When Jim Henson created Kermit the Frog more than 40 years ago out of some old cloth and ping pong balls, there was no way he could have known what would become of his creation and dozens more.
So, how can you possibly continue to maximize the Muppet image given that Henson’s creations have already conquered the world? ‘By trying to be one step ahead of the competition in looking for ways to be unique,’ replies Betts FitzGerald, vice president of licensing for Jim Henson Productions. ‘We still do the tried and true. But one reason why the Muppets are still around is that we try to be creative with the characters. We pride ourselves on this.’ And since the competition for limited shelf space is such a big part of the game, creativity is essential.
Once the product has been developed, the target age group established, and a licensing program that identifies products, marketing and the promotional and advertising elements is in place, the licensing partners are called in. ‘We have a long reputation in the industry, and as a result, we can call up key players in key categories and make presentations to them. While we’re selling a property, we’re also developing a style guide, which includes the logos, color palette and line art.’
When partners have been secured, Jim Henson Productions works closely with them on developing products. ‘We want to be true to who the characters are,’ says FitzGerald. ‘Plus, the quality and pricing are important. We want to be priced in a way that makes sense to the product. We don’t want a $250 plush doll.’ The huge range of products licensed with the Muppet characters includes toys and apparel, stationery, electronics products, interactive items, videos and home furnishings.
Giving the Muppets new life when they move from one medium to another is ‘an interesting challenge,’ says FitzGerald. Since they’re TV and movie characters and in fact, three-dimensional puppets they’re often translated into line art formats for their product lines. However, ‘sometimes they work best photographically because of the depth of personality that each character has. Between the writers and the puppeteers, they’ve evolved these characters into such larger than life personae.’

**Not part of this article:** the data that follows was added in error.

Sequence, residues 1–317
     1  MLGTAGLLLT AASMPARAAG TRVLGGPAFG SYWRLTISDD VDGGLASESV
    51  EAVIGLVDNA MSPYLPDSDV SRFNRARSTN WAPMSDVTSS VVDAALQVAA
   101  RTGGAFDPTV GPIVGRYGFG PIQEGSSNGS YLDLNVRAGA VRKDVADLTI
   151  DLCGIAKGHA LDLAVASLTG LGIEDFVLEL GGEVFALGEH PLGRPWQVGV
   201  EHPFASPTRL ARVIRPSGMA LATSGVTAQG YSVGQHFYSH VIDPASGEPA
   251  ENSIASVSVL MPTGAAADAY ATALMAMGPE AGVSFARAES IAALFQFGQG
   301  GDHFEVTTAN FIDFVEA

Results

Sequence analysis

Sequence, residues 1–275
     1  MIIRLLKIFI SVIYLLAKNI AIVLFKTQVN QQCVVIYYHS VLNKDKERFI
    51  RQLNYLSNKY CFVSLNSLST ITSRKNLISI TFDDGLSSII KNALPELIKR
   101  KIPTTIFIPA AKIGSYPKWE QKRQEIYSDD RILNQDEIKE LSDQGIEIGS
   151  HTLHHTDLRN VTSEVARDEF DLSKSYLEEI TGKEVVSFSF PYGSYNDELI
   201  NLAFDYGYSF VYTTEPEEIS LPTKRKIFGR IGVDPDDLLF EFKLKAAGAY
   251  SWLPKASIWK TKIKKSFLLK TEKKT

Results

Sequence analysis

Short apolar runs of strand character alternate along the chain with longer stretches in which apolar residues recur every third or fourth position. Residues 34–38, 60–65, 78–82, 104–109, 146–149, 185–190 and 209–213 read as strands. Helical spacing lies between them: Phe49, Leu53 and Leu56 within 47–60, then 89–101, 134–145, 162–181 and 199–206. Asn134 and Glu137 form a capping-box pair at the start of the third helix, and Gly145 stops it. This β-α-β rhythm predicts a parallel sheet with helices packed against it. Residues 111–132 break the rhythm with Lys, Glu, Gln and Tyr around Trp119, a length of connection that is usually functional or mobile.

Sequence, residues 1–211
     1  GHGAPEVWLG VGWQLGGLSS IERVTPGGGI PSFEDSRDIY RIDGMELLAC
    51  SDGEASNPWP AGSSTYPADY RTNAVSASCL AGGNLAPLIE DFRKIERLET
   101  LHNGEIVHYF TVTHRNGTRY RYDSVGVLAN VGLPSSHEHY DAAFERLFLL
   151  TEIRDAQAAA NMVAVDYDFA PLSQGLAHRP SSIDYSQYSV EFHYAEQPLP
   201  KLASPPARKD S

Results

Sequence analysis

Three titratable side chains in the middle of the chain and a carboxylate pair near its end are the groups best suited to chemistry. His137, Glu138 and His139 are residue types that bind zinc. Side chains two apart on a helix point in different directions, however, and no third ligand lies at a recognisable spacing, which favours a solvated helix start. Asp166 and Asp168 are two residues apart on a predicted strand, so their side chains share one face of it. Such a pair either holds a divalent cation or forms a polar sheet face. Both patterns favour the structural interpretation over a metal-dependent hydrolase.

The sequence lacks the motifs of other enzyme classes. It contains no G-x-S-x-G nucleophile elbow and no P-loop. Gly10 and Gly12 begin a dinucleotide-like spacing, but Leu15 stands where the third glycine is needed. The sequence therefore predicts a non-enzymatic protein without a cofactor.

The company tends to be careful about licensing the characters to avoid overhype. ‘I don’t think there are too many people out there who don’t know who the Muppets or Jim Henson are,’ says FitzGerald. ‘We tend to be conservative in using them, so it’s not exploitative we don’t want overkill. It’s a fine line that you walk in doing that.’
FitzGerald has seen many changes in the industry since she began working in Jim Henson Productions’ licensing department almost 20 years ago. ‘We started right after The Muppet Show went on air in 1976. With a few phone calls, a licensee would take on a project and a retailer would have it in on the shelves. There just was not that much competition. But it’s evolved so much over the years.’
The field has become more sophisticated. For example, movie studios know how to use aggressive licensing and marketing techniques. It’s also become ‘tougher and tougher for secondary characters’ to get on the shelves. Retailers are becoming more selective. ‘They won’t take a sampling of merchandise representing a property they’ll pick and choose just a few items,’ says FitzGerald.
The big licensing trends have also changed dramatically. ‘When we’re talking about licensing something for kids today, my first question is ‘What age group is this product for?’ Kids used to be kids in licensing they were two to 11 years old.’ Now they’re considered in different segments: ‘There’s the two to five age range, six to eight, and nine to 12.’
Regarding the licensing industry, ‘I don’t know if I could put my finger on the hot trend,’ FitzGerald concludes. ‘I think the power of marketing and advertising plays a huge part in creating what trends are hot.’